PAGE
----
The economy isn’t back to normal quite yet, but “we are seeing signs of recovery in the housing market across a number of dimensions,” Edward DeMarco, acting director of the Federal Housing Finance Agency (FHFA), testified last week before the U.S. Senate Committee on Banking, Housing and Urban Affairs.
DeMarco noted that net income for Freddie Mac amounted to $4.5 billion in the fourth quarter of 2012—which marked the fifth consecutive quarter for positive earnings. Net income for the fourth quarter of 2012 for Fannie Mae totaled $7.6 billion—the fourth consecutive quarter for positive earnings, DeMarco told the Senate committee.
DeMarco also cited National Association of REALTORS® data that pointed to a constrained inventory of for-sale homes at about a 4.7 months worth of supply; a year earlier that number stood at a 6.4 months supply. He also said the FHFA index shows that national home prices rose 6.5 percent for the 12-month period ending in January.
DeMarco said that the government-sponsored enterprises (GSEs) remain dedicated to foreclosure prevention. He testified that, since 2008, Fannie Mae and Freddie Mac have completed more than 1.3 million permanent loan modifications, more than 665,000 repayment plans, and nearly 150,000 forbearance plans. Together, he said, the GSEs have helped 2.2 million families who were struggling to make their mortgage payments to remain in their homes.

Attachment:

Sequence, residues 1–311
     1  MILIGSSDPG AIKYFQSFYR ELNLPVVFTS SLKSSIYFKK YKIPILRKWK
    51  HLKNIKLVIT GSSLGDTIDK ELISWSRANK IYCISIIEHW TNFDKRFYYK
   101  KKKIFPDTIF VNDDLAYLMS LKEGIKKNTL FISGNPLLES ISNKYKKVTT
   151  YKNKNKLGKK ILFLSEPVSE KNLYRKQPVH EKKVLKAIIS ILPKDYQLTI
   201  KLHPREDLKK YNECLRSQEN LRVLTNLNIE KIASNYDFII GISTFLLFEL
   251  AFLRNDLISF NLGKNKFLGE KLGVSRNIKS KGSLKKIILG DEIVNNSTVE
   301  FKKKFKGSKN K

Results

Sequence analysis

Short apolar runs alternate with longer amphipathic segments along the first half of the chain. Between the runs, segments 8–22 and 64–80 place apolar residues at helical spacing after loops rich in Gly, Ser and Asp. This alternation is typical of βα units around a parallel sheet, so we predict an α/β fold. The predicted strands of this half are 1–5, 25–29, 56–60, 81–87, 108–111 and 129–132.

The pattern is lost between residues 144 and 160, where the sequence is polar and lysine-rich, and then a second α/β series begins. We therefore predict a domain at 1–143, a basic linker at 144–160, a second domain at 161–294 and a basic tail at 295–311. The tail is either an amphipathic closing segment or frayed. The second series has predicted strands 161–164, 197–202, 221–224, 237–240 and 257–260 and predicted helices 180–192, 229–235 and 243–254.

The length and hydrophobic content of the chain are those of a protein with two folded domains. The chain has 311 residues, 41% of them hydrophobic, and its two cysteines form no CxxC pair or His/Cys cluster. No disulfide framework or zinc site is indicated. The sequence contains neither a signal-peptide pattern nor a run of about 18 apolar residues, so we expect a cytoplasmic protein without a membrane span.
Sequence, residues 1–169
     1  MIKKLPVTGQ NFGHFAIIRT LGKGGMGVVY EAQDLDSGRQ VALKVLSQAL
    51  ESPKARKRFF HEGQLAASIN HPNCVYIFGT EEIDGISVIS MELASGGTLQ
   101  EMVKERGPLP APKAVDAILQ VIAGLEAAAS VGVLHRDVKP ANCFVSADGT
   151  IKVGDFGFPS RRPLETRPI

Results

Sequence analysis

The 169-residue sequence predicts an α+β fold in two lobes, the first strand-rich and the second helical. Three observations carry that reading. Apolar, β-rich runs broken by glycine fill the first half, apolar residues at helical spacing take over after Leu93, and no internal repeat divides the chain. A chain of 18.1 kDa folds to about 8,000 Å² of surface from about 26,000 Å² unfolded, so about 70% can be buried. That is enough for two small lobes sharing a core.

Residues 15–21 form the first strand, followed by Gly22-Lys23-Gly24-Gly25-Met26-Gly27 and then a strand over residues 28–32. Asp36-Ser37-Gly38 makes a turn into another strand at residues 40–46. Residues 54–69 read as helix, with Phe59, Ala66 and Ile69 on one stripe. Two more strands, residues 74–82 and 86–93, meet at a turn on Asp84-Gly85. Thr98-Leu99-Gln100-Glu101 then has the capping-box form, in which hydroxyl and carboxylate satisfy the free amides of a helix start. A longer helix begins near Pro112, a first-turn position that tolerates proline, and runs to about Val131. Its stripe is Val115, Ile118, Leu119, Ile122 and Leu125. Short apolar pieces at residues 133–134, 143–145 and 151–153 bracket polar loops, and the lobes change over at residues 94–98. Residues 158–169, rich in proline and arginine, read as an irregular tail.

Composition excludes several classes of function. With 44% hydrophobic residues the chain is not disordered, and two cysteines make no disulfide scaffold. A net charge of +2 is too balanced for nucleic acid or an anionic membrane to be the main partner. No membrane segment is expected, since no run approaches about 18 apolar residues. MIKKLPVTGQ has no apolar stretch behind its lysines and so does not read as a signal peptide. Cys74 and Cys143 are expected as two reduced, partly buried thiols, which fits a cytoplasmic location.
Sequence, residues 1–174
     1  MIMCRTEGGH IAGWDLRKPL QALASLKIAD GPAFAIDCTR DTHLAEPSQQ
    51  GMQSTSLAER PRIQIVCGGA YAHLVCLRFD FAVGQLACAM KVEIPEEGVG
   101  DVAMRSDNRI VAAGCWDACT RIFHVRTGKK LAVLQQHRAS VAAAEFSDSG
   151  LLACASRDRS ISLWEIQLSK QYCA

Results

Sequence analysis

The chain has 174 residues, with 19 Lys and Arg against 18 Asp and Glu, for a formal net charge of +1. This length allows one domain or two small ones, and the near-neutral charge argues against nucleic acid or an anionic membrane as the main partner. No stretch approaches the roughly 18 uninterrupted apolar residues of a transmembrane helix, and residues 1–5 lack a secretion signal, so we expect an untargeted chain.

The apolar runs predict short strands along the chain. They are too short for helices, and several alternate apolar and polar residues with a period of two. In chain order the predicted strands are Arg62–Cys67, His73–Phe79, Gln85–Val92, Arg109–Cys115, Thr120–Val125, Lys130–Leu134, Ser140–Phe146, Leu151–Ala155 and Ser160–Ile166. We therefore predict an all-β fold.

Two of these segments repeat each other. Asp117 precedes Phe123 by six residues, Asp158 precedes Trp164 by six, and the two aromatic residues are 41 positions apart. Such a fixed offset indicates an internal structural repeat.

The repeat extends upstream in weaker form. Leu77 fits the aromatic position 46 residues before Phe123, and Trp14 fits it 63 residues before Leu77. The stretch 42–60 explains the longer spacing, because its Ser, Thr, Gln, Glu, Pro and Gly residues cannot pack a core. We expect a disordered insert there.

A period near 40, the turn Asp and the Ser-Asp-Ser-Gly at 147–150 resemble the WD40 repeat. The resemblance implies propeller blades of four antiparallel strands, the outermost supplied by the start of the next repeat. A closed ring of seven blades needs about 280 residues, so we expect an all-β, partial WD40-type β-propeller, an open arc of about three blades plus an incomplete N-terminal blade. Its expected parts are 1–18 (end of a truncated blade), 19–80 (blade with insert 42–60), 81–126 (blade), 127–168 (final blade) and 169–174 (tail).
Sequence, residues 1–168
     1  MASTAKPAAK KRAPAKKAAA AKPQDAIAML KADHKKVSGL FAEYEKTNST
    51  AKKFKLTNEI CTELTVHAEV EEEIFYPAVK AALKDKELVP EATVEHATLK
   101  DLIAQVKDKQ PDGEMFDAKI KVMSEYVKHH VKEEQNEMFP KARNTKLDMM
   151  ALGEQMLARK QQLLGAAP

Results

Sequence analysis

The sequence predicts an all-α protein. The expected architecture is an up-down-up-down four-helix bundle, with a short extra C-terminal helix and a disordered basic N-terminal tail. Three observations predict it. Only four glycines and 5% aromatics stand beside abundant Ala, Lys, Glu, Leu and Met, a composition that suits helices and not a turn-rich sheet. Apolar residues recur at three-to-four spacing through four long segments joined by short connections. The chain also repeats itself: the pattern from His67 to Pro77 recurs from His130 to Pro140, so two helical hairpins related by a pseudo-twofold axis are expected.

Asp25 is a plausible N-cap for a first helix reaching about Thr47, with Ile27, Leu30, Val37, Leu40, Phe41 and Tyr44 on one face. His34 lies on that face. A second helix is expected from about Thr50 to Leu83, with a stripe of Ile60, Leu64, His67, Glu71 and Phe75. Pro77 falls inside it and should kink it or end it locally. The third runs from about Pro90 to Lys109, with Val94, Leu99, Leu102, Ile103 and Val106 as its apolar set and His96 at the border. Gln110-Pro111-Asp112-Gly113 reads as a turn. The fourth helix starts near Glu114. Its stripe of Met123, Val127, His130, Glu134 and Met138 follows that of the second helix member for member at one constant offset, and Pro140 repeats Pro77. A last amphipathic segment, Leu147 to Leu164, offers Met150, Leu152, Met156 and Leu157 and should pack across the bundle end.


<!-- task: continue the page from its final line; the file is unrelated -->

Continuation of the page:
DeMarco also testified about the role the government should play in housing finance going forward.
“The key question in housing finance reform is what, and how large, should the role of the federal government be?” he testified to the Senate committee. “While it is ultimately up to lawmakers to provide an answer, in my opinion the main purpose in addressing housing finance reform should be to promote the efficient provision of credit to finance mortgagees for single-family and multifamily housing. An efficient market system for providing mortgage credit to people who want to buy a house should have certain core characteristics: it should provide consumer choice, it should provide consumer protections, it should allow for innovation by market participants, and it should facilitate transparency.”
Source: Federal Housing Finance Agency